Getting Creative at the Wind Park

My observation as an educator is that we generally need to engage physically and through ritual to facilitate this kind of deep transformative learning

wm-animal-hands.jpgThere’ve been creative goings-on down at the Wind Park. This comprises our four wind turbines at the edge of the community that enable us to generate and sell about 40 per cent more electricity than we use at the Park, our main campus.

Mural artist, Lisa Shaw, was down there last week with young people who came to Findhorn on a course, using the base of the turbines as great canvases to paint upon. She has been doing this with various groups of young people, including local primary school children, over the last year or so. Now, three of the four turbines are covered in beautiful painted images relating to various sustainability-related themes.

Is this of any more than incidental importance? Does it represent anything more than an ephemeral beautification of our machines?

I am persuaded that it emphatically does.

I teach students in various classes in the community, up to undergraduate level. We always include a visit to the Wind Park. I remember the first time this was suggested to me some years ago, my first reaction was to dismiss the idea: ‘sure can’t the students see them perfectly well from here in the classroom — why would we waste a round trip of 45 minutes or so just to see them from close up?’

wm-lisa-painting.jpgAnd yet, when I relented and agreed to the visit, the effect on the students of seeing them up close was clear and obvious. Quite simply, they ‘got it’ in a way that sitting in a classroom discussing renewable energy technologies had not allowed. Somehow, the effect of being really up close, feeling just how tall and elegant are the turbines, hearing the swish of the blades cutting through the air, just touching and holding them had a profound effect.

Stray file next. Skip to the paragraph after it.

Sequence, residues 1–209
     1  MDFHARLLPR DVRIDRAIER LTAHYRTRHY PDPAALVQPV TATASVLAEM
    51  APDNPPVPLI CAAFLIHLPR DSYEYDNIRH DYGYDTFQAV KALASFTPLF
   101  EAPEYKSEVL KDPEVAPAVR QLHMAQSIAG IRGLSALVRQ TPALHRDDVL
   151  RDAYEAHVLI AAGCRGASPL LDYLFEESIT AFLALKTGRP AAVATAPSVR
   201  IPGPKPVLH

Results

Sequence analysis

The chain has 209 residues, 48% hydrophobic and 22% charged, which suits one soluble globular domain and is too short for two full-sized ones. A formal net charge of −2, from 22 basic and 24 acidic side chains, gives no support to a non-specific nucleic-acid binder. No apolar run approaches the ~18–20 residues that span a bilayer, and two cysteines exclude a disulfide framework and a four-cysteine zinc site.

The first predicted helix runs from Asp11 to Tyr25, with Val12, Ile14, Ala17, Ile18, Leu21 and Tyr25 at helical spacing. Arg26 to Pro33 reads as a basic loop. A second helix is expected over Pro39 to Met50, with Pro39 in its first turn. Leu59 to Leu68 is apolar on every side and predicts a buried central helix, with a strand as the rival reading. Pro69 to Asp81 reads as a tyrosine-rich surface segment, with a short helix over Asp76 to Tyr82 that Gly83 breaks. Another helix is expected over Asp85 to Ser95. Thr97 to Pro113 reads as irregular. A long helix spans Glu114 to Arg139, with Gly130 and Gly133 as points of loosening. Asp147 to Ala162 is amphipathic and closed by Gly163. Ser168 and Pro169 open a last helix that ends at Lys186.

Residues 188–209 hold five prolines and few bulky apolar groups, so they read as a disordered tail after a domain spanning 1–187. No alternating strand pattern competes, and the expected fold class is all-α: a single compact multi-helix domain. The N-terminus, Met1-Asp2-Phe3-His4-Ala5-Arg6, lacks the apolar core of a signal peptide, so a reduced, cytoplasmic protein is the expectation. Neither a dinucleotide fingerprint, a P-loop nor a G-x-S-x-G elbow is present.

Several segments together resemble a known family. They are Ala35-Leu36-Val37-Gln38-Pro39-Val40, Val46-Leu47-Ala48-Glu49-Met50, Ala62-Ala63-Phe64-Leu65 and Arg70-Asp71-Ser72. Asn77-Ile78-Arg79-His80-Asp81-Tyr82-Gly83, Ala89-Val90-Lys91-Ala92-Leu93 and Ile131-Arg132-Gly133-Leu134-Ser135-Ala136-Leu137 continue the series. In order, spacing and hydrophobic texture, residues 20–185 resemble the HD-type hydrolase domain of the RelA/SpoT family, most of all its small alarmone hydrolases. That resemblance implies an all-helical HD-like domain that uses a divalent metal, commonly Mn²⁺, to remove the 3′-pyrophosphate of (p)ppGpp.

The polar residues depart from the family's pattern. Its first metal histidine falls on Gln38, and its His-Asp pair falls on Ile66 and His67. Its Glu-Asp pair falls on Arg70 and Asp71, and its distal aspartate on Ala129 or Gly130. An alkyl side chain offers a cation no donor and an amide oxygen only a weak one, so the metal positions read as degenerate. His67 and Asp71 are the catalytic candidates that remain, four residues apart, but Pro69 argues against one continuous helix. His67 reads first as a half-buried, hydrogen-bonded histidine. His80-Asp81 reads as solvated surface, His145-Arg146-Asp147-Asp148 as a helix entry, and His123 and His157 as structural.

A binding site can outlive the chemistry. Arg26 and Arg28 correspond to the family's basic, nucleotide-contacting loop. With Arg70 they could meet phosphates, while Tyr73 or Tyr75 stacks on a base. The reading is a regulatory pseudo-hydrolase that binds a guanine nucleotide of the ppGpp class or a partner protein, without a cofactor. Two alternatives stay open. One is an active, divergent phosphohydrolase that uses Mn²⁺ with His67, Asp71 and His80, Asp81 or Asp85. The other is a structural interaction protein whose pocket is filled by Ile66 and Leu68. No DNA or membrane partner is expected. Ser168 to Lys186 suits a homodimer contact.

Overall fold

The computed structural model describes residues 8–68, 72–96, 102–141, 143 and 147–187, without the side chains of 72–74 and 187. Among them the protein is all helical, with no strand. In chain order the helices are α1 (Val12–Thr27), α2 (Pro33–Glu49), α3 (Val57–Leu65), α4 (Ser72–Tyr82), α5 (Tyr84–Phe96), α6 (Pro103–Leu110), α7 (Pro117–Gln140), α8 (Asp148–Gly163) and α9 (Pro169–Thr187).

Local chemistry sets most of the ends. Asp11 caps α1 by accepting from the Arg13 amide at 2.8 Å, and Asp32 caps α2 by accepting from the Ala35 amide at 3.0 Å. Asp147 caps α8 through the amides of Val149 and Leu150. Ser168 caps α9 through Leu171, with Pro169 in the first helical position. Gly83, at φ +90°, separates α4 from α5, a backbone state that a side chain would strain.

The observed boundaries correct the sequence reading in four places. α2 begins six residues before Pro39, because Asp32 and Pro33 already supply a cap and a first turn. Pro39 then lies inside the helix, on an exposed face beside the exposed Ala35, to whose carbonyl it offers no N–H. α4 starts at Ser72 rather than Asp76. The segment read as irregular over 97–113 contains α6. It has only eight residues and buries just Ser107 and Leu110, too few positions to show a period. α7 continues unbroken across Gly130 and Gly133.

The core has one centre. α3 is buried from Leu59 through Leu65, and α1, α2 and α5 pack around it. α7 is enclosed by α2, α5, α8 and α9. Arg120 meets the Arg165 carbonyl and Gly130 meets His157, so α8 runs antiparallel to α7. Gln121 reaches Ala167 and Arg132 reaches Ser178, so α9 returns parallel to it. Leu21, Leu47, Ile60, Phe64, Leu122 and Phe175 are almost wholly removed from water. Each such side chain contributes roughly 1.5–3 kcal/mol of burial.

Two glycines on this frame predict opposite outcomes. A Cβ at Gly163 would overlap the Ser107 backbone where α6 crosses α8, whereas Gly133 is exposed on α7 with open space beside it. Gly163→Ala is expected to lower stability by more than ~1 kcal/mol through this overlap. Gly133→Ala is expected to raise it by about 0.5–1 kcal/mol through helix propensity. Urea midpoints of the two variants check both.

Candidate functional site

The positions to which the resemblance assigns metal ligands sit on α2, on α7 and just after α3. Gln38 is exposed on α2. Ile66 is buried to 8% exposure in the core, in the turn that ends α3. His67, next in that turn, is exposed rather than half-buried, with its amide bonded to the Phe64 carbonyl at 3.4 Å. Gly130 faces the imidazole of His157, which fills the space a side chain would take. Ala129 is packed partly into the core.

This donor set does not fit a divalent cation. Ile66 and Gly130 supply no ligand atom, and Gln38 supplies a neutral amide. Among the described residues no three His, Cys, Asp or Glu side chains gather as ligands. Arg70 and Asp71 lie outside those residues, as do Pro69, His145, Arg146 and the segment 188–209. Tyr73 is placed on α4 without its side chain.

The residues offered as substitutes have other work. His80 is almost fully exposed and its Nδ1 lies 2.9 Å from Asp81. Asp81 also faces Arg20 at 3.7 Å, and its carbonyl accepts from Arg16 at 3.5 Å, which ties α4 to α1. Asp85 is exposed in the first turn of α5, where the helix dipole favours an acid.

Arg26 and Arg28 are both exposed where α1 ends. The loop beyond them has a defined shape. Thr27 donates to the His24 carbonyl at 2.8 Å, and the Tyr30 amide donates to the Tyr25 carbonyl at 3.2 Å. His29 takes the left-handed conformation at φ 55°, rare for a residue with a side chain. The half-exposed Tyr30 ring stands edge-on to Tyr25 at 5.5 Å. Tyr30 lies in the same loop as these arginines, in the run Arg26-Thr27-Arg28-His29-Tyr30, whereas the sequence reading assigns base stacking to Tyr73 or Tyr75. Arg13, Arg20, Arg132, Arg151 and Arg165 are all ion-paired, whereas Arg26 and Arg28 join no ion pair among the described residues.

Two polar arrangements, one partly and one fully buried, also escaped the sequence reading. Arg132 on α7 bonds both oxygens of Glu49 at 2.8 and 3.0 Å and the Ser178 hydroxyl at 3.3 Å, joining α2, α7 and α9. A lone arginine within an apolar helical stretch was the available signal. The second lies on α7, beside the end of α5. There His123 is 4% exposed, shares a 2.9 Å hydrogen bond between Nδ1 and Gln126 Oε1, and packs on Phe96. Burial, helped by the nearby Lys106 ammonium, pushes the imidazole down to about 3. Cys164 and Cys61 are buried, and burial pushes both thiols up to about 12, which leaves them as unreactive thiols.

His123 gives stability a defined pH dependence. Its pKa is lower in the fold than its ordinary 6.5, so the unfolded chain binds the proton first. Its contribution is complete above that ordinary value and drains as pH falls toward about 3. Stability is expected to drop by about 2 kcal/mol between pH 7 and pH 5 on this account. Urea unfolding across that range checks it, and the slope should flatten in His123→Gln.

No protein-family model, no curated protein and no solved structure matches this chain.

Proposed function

I spent some time working with a meditation teacher in India. One of the many gems she shared that has really stuck with me was the observation that in her tradition, they use the verb ‘to understand’ to denote not new conceptual learning, but only when that learning has been integrated and has effected a change in how the learner sees and acts in the world.

My observation as an educator is that we generally need to engage physically and through ritual to facilitate this kind of deep transformative learning. I work a lot on sustainability and global justice issues where we cover many disturbing subjects such as mass extinctions, poverty and malnutrition and the growing impacts of climate change.

wm-spirit-of-wind.jpgWhen the learning is limited to intellectual engagement, I see that while the students are present and alert, the problems remain strangely abstract and removed from their experience. Somehow, the learning does not quite stick.

However, when I set up the learning in a more experiential way — have them, for example, speak imaginatively of the ecological havoc being wreaked in the voice of another species directly affected or that of a human being not yet born — the difference is often electrifying. The empathetic heart opens and they become deeply engaged and transformed.

This is the work that Lisa is doing with her murals. She is helping people here and in other projects she is involved with in Russia, Bolivia and India to engage in a direct and physical way with the world around them. By helping them embed experiences of beauty and sustainability in the very cells of their bodies, she is helping the young people she works with to deeply understand their place as threads in the web of life.

Jonathan Dawson
Findhorn
September 2007

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